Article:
In most photos, according to the subject and genre of photography which you choose, having sharper edges/details is desired, but I am not sure if there is a different process for different genres or not.

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    \$\begingroup\$ Now... does this cover you? Recommended start point for sharpening \$\endgroup\$
    – Joanne C
    Commented Apr 21, 2013 at 17:17
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    \$\begingroup\$ It is a great answer however I am still not sure if there is a different process in sharping for different genres of photography or not and if there is another question or answer in this site to answer me too. If you could help me to find out it, it would be nice! Anyway thanks! \$\endgroup\$ Commented Apr 21, 2013 at 17:23
  • \$\begingroup\$ It isn't a genre, but keep in mind that different output formats certainly will require different amounts of sharpening. A 8x10inch image compared to a 200x300px web image. \$\endgroup\$
    – dpollitt
    Commented Apr 22, 2013 at 0:23
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    \$\begingroup\$ dpollitt didn't misunderstand the question. He pointed out that final (output) sharpening would depend on output resolution, and prefaced that statement by saying it wasn't related to the genre issue. \$\endgroup\$
    – user2719
    Commented Apr 22, 2013 at 3:11

1 Answer 1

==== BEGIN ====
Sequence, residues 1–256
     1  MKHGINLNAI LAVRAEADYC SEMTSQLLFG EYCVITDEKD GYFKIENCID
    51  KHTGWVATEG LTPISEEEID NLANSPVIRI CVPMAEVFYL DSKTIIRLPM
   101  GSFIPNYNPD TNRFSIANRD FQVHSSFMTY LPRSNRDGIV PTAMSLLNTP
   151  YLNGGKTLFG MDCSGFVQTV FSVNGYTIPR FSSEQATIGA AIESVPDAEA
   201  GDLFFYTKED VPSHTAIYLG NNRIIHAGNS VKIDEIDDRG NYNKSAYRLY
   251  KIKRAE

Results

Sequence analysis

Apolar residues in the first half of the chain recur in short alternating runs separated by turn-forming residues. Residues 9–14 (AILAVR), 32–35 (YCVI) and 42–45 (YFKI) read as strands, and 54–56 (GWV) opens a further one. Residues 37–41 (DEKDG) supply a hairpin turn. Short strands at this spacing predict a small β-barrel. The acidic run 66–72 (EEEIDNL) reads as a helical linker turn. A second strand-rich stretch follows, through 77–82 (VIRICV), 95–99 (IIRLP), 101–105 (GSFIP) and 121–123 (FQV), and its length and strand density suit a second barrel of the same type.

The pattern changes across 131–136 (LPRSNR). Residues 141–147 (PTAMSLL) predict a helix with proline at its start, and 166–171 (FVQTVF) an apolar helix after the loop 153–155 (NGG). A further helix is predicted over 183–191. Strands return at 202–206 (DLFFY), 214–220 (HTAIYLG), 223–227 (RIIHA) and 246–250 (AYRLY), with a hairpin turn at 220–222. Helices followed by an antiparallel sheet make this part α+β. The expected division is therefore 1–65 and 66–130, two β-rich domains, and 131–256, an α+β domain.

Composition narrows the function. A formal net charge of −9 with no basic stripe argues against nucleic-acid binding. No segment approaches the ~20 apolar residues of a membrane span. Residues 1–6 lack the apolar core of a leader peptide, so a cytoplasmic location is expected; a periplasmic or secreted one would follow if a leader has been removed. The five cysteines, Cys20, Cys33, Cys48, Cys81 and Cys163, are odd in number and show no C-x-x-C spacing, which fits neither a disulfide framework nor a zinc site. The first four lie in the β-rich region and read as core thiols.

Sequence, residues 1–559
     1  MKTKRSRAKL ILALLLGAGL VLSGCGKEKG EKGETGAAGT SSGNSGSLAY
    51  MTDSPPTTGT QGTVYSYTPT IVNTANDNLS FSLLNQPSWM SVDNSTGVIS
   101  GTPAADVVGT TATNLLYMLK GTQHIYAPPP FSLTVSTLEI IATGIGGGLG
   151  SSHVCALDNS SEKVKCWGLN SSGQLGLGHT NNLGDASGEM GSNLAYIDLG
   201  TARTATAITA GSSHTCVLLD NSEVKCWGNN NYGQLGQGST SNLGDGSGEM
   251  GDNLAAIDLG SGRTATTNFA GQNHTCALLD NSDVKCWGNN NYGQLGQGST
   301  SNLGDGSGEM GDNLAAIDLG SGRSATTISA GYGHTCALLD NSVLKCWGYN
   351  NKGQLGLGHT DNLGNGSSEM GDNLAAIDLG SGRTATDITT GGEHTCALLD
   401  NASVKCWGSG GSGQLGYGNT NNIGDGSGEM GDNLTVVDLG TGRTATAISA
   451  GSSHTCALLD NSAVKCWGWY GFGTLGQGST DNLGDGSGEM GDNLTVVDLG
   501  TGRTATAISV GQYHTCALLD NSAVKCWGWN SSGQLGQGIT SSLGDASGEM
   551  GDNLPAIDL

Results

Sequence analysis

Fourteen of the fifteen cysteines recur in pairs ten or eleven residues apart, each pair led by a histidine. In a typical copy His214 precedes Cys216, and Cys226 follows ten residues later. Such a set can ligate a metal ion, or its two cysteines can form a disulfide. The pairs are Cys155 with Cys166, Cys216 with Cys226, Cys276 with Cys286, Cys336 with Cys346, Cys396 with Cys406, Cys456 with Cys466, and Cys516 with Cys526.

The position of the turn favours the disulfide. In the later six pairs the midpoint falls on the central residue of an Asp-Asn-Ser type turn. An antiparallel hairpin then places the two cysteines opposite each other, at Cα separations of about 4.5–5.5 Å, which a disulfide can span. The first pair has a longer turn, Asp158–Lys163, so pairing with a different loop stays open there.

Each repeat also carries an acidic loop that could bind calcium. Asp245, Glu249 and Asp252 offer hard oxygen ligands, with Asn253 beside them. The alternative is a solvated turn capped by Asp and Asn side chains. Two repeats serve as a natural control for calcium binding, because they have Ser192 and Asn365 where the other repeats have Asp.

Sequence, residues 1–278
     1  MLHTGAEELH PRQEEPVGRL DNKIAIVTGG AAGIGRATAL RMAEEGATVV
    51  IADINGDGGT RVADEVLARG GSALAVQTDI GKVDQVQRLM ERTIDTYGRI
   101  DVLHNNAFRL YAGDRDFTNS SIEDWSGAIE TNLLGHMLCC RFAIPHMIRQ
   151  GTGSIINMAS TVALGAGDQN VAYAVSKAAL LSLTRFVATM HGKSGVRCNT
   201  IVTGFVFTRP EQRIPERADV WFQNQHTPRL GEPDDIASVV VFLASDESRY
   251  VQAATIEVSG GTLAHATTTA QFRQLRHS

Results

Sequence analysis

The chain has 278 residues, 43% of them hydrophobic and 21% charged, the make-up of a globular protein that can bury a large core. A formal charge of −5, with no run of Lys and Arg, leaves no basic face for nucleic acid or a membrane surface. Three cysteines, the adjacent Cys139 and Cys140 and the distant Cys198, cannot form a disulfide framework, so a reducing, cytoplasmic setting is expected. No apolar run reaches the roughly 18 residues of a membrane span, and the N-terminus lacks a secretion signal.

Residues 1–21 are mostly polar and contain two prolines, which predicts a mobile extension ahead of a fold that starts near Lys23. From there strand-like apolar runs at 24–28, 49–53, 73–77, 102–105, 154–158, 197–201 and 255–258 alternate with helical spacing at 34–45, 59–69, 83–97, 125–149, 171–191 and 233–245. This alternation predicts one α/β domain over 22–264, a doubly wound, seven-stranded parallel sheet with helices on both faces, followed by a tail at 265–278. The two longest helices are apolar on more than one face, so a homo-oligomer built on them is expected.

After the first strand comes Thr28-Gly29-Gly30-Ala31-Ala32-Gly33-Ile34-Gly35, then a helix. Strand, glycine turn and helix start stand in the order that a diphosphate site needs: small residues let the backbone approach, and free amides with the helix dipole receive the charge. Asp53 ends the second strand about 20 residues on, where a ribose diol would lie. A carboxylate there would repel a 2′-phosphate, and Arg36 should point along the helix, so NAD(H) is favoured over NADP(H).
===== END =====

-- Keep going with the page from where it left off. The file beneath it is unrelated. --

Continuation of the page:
The short answer is: yes, sort of.

I don't think there's a absolute rule for sharpening in any given genre, but there are some rules of thumb that may get followed from time to time. For example:

  • Portrait photography typically likes to focus in on the eyes and soften out skin blemishes such as scars, acne, etc. So, your sharpening technique there is probably going to want to reflect some of that. Also, portraits are often seen as more pleasing when they're a little softer (not blurry though). Except the eyes. Sharp eyes are good. :)

  • Nature photography has a fair amount of variance in it. Animal shots usually want to be sharp, as with general landscape. Water, though, people like seeing it blurred through long exposure, same with fog. So, in these case, the amount of sharpening depends on the main subject and, as with portrait, you might be more targeted.

  • Architectural and product photography usually want to show the detail and so overall sharpening is probably desirable.

However, I wouldn't probably spend a lot of time worrying about any of that too much. Like all forms of post processing, the best approach is to maximize your enjoyment of the image. Some times that may mean a lot of sharpening work, sometimes very little. I wouldn't let these ideas get in the way of making your photograph.

The question I linked to in the comments really does give you some good information that's going to apply in general. Couple that with the masking features of tools like Photoshop in order to apply your sharpening efforts to controlled areas is really what you need once you know what you want to sharpen and why.


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